The serious side of camp includes feeling part of a unique community, identity development and participating through the years to make irreplaceable memories. If you don’t understand why camp is such an important American institution, in 1998 Ira Glass and the This American Life radio program attempted to investigate the topic—#109 Notes on Camp. The program addresses why people who love camp say that non-camp people simply don’t understand what’s so amazing about camp and attempts to bridge the gap of misunderstanding between camp people and non-camp people!

It also highlights how fun, tradition, stories, community and being human are all part of identity development at camp. With his signature quirky style, Ira assembled more “truth is stranger than fiction tales,” where real campers tell stories of camp in days gone by and explain why the camp experience is so special. Hundreds of campers responded to his call for stories and the program shares a selection, so if you’re interested in history and interpreting American culture, you’ll find the reminiscences fascinating. Just remember that all camp experiences are not like the stories told—the point of the program is to illustrate the intensity of the experience! It ends with campers talking about becoming camp alumni and how their camp experiences won’t ever be forgotten.

As we all know, time passes and our camp years are limited by the fact that we’re only children once. It’s easy to feel briefly melancholy at year’s end as time waits for no one, but of course, December also means that the promise of a new year is around the corner! In January, we’d like to continue looking backwards and forwards while thinking about camp and we’d especially love to hear from camp alumni. What’s the funniest thing that happened to you at camp? How did camp contribute to your adult life? We’d like to hear about the memories you hold dear and close to your heart, or what you wish for campers next year? If you’re counting the days until camp starts, what are YOU planning?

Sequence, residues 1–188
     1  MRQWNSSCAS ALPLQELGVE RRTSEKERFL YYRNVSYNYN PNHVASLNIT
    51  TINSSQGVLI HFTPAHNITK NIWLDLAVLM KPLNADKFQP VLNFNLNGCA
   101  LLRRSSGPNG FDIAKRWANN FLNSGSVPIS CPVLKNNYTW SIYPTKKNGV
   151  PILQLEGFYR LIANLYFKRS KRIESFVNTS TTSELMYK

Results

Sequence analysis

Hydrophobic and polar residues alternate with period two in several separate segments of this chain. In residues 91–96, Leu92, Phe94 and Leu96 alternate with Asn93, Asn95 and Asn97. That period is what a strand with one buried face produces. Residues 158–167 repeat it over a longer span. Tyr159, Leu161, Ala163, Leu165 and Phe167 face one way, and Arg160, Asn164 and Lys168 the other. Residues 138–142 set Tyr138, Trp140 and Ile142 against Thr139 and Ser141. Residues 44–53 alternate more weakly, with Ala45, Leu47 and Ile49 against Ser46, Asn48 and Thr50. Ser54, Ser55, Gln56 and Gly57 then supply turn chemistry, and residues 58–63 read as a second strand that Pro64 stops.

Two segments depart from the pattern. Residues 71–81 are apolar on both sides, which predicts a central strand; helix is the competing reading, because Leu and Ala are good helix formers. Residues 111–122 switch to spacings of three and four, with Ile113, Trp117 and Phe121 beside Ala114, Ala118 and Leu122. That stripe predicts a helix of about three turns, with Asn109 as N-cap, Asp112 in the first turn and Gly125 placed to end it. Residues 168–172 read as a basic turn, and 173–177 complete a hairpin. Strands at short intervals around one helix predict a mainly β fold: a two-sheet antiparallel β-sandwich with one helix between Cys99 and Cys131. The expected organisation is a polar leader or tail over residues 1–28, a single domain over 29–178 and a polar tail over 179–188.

For now, “Happy New Year” to everyone and let the countdown to Camp 2011 begin!

Emma

Thanks for the images quinn.anya and megawheel360.

The Road to Somewhere

Photo2You’ve probably heard of “Road to Nowhere.” The new documentary film’s theme is that today’s emphasis on tutoring, lessons and packed-to-the-gills days and nights may not produce perfect, healthy, high-achieving kids. The result could be unhealthy, disengaged, stressed-out youth.

Fortunately, the road to nowhere branches off to summer camp.

Camp is the antidote to – even the “anti” – modern kid’s world. For most of the year, today’s youngsters live regimented lives. They’re told what to study, and when. They take “lessons” – music, sports, art, dance – and then rush off to the next activity. There’s so much on their plates, it’s no wonder they multi-task like CEOs.

Then they go to camp.

Suddenly – the moment they say goodbye to their parents, meet their counselors and cabin mates, unpack and head somewhere cool and green – their world changes.

They slow down. They breathe deeply. They get in touch with their inner kid.

Camp is a different environment entirely. The communal living, extended “slumber party” and emphasis on living and working as a group allows kids to really get to know each other. It’s 24/7 of the great (and not-always-so-great) moments with a group of peers.

This immersion enables youngsters to really get to know each other. It allows boys and girls to develop compassion and understanding for their friends’ strengths and weaknesses.

Photo1And it lets kids live in an environment where taking safe risks is okay. There is truly nothing like a friendship that develops – and blossoms —at camp.

The adults are, for the most part, younger than the teachers (and parents!) children are so familiar with in school.

Camp is a place where kids are allowed – even encouraged – to take safe risks. They encounter new situations – games, activities, relationships – without old patterns or preconceptions to fall back on. They’re not always protected – but they are well cared for, and strongly loved.

In that challenging, supportive – and de-stressed – environment, they grow.

At camp, kids march boldly down the road to somewhere.

Dr. Bob
Psychologist, parent, former camper